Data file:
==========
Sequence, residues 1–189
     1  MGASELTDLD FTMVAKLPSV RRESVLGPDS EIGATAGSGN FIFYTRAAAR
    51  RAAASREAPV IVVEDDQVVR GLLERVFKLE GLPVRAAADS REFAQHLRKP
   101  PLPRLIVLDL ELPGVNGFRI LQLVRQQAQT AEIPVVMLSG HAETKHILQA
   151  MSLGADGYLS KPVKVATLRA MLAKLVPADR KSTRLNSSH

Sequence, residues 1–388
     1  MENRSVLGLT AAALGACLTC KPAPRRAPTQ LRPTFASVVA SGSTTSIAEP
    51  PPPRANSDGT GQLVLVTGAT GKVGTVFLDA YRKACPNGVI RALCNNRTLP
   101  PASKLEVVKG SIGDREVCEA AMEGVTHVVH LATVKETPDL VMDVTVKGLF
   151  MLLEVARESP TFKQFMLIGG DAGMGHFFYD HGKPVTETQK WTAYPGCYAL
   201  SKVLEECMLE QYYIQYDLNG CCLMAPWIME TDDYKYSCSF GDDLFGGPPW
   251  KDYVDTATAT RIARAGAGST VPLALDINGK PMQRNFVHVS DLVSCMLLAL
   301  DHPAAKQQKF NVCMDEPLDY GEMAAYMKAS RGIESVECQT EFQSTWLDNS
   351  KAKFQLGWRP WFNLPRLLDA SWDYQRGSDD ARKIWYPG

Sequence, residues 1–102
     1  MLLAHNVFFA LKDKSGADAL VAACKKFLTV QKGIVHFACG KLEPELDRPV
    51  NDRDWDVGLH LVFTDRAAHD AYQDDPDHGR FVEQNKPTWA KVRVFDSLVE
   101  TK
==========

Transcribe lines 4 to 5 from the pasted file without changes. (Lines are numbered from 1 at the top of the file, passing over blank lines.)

   101  PLPRLIVLDL ELPGVNGFRI LQLVRQQAQT AEIPVVMLSG HAETKHILQA
   151  MSLGADGYLS KPVKVATLRA MLAKLVPADR KSTRLNSSH